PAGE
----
Swans Island Twisted Cowl

This time of year is tricky. One day it’s warm, the next freezing. It really makes it difficult to dress in the morning, not knowing what will happen within the course of the day, weather-wise. My solution: the knitted cowl. It’s something that can add a nice layer of warmth, and since this one is made from Swans Island Natural Fingering, which is 100% merino wool, it is warm when it needs to be warm, but not too hot. This pattern also works well with this type of spring-or-winter layering technique. It has a nice loose lace-like quality, so it doesn’t feel overly heavy.

Have you knit with Swans Island before? If not, you should give it a try–their yarn is heavenly. And it is made right next door in beautiful Maine. I traveled up there before the shop opened and was completely smitten with their yarn and the people that ran the company. Should you ever be up in the Camden area, please do yourself a favor and swing by their dye house. You will see how they get their array of stunning colors and get a weaving demonstration of their amazing blankets. I feel like I’m overusing adjectives in this paragraph, but once you see and feel this stuff in person, you will completely understand!

The pattern for this cowl was created by one of my instructors. It’s a riff on a traditional lace pattern and really makes this yarn shine. The nice part about the pattern is that you can adjust the dimensions to be whatever you prefer! The pattern as written will use up most of the yardage of one skein of the Swans Island, but if you wanted to use up leftover yarn, this would be a great pattern for that. I love patterns that you can customize yourself. I think the difficulty level is not too high and as long as you can do the required stitches, you should be good to go! We are offering this pattern free with the purchase of one skein of the Swans Island Fingering, which comes in a great array of colors.

Do you have a particular way to dress with this weird spring-maybe-still-winter weather? Are you a layer-er like me? Or is there another way? Do tell!

 

All Photos by Ashley Shea Photography

New Block of the Month Club!

We love creating new things for our customers! We had the Mystery Yarn Tour Club last year for the knitters (we will do it again this fall if you didn’t get on board last year!), so we thought it was time to create something for you quilters out there.  We have bounced around the idea of doing a Block of the Month Club for awhile. I tried looking at ones that other shops used, and there are *a lot* out there. None of the ones that I saw had the right feel for our shop, however. I reached out to the extremeley talented Caitlin, of Salty Oat, who had created our Row by Row last year. We talked and she created something for the shop that we are both really excited about! It is modern, clean and fresh. We hope you will love it too!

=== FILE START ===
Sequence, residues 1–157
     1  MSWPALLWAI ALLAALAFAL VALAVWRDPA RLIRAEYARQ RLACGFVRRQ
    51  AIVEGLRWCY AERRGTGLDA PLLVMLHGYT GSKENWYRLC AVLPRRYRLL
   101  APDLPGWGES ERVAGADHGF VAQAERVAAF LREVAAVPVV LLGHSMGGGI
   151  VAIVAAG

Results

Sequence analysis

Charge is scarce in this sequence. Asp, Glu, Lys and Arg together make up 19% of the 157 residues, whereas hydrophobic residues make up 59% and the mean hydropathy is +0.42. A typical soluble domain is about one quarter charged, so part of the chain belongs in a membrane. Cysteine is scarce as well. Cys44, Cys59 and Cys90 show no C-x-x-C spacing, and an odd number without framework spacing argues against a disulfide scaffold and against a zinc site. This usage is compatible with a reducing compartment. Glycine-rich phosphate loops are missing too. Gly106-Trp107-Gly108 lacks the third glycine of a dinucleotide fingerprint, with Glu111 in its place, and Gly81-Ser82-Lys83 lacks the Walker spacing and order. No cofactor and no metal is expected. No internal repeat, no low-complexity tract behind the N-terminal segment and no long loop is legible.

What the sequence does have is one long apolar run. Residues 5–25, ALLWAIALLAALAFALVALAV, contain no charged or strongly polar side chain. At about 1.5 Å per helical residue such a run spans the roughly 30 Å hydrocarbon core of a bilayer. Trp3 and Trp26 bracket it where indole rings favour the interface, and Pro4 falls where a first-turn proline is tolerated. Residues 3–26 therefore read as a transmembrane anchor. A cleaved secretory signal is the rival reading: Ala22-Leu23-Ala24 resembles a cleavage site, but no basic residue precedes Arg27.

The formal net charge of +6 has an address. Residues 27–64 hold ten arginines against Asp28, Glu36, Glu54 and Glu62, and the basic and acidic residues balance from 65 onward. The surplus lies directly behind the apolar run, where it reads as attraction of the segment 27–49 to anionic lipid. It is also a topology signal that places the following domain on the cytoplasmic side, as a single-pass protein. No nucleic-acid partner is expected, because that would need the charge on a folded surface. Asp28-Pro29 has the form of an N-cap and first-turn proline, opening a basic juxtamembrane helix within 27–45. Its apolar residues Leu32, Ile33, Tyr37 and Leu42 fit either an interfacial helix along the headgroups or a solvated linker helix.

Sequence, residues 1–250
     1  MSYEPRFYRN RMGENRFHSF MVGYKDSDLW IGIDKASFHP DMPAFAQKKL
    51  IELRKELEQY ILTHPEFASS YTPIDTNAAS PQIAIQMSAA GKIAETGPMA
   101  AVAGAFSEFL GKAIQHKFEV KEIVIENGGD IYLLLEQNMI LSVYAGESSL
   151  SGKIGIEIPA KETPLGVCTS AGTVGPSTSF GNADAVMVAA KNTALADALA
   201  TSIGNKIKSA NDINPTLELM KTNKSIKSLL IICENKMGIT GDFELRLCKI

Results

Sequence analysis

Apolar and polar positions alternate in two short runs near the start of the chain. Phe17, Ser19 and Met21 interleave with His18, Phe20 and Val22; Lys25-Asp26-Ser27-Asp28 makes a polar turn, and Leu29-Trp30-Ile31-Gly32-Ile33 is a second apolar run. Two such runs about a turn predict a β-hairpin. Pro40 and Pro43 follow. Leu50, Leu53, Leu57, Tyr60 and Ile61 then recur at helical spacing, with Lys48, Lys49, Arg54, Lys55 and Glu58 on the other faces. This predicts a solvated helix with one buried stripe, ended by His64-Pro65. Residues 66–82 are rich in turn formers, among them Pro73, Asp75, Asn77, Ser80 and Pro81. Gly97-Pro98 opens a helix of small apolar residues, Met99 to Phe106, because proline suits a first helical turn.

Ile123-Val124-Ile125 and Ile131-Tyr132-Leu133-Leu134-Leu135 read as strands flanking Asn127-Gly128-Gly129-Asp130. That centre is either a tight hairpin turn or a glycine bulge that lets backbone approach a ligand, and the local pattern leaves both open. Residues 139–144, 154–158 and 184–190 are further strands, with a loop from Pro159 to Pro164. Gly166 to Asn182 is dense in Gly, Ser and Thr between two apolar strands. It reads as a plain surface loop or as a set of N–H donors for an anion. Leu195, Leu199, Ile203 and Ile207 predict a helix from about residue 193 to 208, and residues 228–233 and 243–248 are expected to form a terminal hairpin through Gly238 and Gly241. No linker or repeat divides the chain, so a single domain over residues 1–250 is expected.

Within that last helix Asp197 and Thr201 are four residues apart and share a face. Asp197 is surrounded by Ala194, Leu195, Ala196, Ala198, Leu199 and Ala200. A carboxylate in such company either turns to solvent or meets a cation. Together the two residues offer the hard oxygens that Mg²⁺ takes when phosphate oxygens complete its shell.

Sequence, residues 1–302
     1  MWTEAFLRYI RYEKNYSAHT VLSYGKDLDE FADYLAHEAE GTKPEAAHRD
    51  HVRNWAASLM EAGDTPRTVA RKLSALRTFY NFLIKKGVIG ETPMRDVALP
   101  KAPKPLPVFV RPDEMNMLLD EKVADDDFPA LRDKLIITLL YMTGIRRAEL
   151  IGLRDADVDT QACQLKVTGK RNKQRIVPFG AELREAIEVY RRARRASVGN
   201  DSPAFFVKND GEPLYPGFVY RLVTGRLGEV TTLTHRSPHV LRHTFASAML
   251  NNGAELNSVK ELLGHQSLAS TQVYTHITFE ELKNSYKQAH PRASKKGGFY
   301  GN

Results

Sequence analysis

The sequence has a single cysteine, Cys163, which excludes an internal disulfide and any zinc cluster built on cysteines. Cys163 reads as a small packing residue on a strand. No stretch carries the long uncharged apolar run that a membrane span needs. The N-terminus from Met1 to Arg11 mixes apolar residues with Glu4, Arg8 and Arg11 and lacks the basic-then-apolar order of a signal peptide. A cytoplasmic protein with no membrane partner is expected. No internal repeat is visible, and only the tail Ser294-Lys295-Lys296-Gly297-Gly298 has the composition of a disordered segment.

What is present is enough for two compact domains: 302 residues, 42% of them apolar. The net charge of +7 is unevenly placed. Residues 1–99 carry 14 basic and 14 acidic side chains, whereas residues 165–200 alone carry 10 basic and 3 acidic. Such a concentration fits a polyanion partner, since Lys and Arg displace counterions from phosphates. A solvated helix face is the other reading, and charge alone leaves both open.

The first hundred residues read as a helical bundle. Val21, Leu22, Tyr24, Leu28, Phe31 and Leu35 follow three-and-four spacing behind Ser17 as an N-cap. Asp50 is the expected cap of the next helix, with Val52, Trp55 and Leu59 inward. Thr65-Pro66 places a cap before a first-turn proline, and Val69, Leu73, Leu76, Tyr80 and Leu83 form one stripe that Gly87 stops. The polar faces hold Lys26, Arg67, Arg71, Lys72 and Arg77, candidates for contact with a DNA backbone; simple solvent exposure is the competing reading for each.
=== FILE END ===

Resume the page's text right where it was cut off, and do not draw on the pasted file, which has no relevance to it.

Here’s the skinny: next week we will open up the registration for our new Block of the Month Club. Club registration is $75 for six months. Starting on the 1st of April and after that on the first of every month you will pick up your monthly block kit which includes instructions and the fabric for that month’s block (we can also ship!). Each month’s block will be constructed with different techniques, so there will be a lot to learn. This is a six month club, so when you are done you will have six blocks completed (15″ finished) and the instructions for placing them in a beautiful quilt which you will now have the complete pattern for. What if you decide you don’t want to join for all six months? You can purchase each month’s kit individually for $15. Here’s the catch with the individual kits: you can only buy that current month’s kit. If you miss a month you will have to wait until ALL the blocks have been released to catch up.

To make things even more exciting, we decided to create three colorway kits for you. All the quilts will be a contemporary grey and white with one contrasting color. Your options for contrasting colors are the following, all coming from the amazing Cloud9 Cirrus Solids Collection: Fuchsia, Grass and Amazon.